NEW YORK – Clinicians should resist the temptation to use untrained interpreters, such as a child, another relative, or their own limited language skills, when treating patients who cannot communicate in English, according to an expert reviewing this issue at the American Academy of Dermatology summer meeting.
Dr. Amy Chen
In clinical encounters with patients who have limited English proficiency, “it is both our legal and our ethical responsibility to communicate through qualified interpreters,” reported Amy Y.Y. Chen, MD, who is affiliated with Central Connecticut Dermatology in Canton.
In many situations, interpreter services are required by law. This includes a provision of the 1963 Civil Rights Act that specifies these services should be made available to any individual with limited English proficiency receiving federal financial assistance (with the exception of Medicare Part B).
In reviewing this and other laws, Dr. Chen explained that many prohibitions are explicit. For example, it is against the law for clinicians to communicate with the patient through children, whether or not they are related to the patient. A patient’s adult companions are also prohibited from interpreting unless the patient has provided express permission.
Despite the rules, some clinicians might be tempted to forgo a translator when none is readily available, opting for an improvised solution. Dr. Chen said that this is ill advised even when it is not illegal.
“There are a lot of potential problems with using nonprofessional interpreters, starting with the issue of confidentiality,” Dr. Chen warned.
As defined by the Department of Health & Human Services, a qualified interpreter establishes competency by developing familiarity with specialized terminology; by communicating accurately, effectively, and impartially; and by recognizing the ethical issues, including confidentiality, essential to their role.
By itself, language fluency might not be sufficient. Many physicians have conversational fluency in one or more languages other than English, but Dr. Chen pointed out that complex and nuanced clinical descriptions might be difficult to follow for a nonnative speaker. Moreover, many individuals who have no problem posing questions in a foreign language don’t do nearly as well in following the answers.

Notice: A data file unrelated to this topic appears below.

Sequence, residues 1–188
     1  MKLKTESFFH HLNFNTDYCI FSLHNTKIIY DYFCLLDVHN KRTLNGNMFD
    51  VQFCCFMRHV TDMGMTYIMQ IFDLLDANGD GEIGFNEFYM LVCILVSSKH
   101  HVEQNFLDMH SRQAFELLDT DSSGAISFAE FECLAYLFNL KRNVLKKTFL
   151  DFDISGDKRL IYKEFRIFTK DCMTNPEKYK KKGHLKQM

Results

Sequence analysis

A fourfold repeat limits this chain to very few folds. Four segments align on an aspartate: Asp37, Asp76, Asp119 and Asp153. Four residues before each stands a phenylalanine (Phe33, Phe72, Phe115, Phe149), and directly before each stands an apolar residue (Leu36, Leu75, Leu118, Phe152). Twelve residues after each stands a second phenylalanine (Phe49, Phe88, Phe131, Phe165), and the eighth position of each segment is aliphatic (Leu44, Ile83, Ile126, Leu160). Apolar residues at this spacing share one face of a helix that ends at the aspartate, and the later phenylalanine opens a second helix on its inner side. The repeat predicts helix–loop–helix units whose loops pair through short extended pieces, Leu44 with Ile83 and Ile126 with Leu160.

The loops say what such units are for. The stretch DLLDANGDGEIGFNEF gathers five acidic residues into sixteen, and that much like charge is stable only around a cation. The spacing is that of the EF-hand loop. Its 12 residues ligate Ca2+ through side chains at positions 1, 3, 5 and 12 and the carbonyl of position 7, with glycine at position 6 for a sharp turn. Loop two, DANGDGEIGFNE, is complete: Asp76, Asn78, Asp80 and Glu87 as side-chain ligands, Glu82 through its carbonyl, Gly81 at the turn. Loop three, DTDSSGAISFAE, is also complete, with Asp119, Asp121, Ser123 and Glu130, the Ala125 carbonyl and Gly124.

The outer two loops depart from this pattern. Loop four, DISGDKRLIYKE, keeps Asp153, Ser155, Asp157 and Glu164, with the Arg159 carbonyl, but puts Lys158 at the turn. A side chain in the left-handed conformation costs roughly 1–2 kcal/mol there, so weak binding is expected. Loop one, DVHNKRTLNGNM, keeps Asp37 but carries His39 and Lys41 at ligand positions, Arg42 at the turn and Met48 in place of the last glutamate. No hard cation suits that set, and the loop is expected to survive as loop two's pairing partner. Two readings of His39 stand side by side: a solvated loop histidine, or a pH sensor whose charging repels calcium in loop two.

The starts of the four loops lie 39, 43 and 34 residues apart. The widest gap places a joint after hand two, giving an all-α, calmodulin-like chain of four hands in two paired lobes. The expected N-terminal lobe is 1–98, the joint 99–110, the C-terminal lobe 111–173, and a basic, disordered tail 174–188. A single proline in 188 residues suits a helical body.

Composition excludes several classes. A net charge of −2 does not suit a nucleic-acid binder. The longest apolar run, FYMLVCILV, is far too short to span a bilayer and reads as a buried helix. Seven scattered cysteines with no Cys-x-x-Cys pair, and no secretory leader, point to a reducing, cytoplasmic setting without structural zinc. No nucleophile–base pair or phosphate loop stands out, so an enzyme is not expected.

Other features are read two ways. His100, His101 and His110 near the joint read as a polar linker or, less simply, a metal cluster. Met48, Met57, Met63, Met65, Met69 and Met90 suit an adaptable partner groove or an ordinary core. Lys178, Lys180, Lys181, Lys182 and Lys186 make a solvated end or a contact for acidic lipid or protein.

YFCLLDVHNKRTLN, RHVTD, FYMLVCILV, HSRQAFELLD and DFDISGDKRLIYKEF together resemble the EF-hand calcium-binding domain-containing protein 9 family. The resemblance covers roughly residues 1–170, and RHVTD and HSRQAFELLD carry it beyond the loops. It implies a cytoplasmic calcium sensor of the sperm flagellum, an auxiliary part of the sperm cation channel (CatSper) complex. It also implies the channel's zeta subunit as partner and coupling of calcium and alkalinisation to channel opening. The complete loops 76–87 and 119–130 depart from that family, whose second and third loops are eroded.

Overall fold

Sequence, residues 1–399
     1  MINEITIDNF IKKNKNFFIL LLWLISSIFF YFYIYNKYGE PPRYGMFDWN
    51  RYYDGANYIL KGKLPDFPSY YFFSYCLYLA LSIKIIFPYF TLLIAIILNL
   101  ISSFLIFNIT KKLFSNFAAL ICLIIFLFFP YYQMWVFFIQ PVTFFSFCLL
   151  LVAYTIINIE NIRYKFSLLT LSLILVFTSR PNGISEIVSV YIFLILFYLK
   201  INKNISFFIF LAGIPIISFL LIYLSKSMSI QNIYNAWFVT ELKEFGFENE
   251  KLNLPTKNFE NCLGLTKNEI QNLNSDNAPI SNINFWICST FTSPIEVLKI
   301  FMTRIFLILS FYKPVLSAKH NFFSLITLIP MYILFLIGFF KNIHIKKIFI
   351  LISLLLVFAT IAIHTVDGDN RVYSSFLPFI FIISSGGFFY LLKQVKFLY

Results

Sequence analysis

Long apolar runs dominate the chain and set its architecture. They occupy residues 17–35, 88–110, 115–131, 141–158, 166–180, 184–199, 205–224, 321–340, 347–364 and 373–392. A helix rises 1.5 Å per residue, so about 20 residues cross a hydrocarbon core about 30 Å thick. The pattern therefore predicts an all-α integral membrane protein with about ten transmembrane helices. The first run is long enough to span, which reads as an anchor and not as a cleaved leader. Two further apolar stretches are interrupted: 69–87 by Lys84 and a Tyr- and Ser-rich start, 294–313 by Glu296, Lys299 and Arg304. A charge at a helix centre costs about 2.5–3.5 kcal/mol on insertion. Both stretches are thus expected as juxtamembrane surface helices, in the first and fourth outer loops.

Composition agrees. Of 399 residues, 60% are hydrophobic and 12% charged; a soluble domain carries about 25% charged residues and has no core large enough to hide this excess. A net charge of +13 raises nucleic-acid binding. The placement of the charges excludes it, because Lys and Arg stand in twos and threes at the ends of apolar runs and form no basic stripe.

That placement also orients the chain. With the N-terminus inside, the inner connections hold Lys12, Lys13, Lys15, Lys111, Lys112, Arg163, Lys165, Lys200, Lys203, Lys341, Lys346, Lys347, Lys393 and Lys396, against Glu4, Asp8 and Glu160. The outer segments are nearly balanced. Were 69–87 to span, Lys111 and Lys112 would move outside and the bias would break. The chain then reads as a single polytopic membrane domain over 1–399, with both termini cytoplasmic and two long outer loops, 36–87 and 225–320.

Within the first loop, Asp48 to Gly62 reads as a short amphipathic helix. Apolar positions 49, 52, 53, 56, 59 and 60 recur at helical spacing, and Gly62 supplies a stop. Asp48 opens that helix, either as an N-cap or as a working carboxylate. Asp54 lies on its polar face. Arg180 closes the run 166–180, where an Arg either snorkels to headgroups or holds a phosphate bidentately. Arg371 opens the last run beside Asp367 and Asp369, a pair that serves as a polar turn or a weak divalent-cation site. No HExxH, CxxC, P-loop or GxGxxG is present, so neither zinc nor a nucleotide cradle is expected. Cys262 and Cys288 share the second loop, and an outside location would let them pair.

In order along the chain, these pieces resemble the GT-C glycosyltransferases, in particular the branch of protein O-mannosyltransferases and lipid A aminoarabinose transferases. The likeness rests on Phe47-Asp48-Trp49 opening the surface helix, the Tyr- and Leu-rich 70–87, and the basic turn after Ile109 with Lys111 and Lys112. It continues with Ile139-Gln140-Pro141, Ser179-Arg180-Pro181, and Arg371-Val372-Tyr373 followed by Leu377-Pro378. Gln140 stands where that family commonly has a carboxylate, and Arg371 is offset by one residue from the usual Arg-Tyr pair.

As interpreters, family members can be particularly problematic. In addition to the issues of confidentiality and medical terminology, a family member might have his or her own agenda that influences how questions and answers are conveyed.
Moreover, family members and others untrained in translating might edit answers based on their own sense of relevance. Many clinicians working through an interpreter will recognize the experience of receiving a yes or no answer after a lengthy discussion between a nontrained interpreter and patient. In such situations, the clinician can reasonably worry that important information was lost.
Typically, major hospitals already offer a systematic approach to providing interpreters when needed, but physicians working in private practice or other smaller practice settings might not. According to Dr. Chen, who recently collaborated on review of this issue (J Am Acad Dermatol. 2019 Mar;80:829-31), they should.
Interpreter services are available by telephone or Internet. Fees typically fall in the range of $2-$5 per minute. In offices with bilingual staff members, formal medical interpreter training might make sense. The Certification Commission for Healthcare Interpreters and the National Board of Certification for Medical Interpreters can help in this process.
When using a medical interpreter, Dr. Chen had some tips.
“Maintain eye contact and talk to the patient,” said Dr. Chen, suggesting that the interpreter, if present in the room, be seated next to or behind the patient. Whether the interpreter is in the room or participating remotely, Dr. Chen advised against speaking through the interpreter with such phases as “tell her that.” Rather, she advised speaking directly to the patient with the interpreter providing the translation.
More practically, Dr. Chen recommended speaking slowly and posing only one question at a time. She also recommended strategies to elicit reassurance that the patient has understood what was communicated. Not least, she recommended a “show me” approach in which a patient can repeat or demonstrate what he or she has learned.
Citing evidence that poor and incomplete translation contributes to medical errors and patient dissatisfaction, Dr. Chen reiterated that engaging unbiased trained translators is advisable for good clinical care even if it were not mandated by law.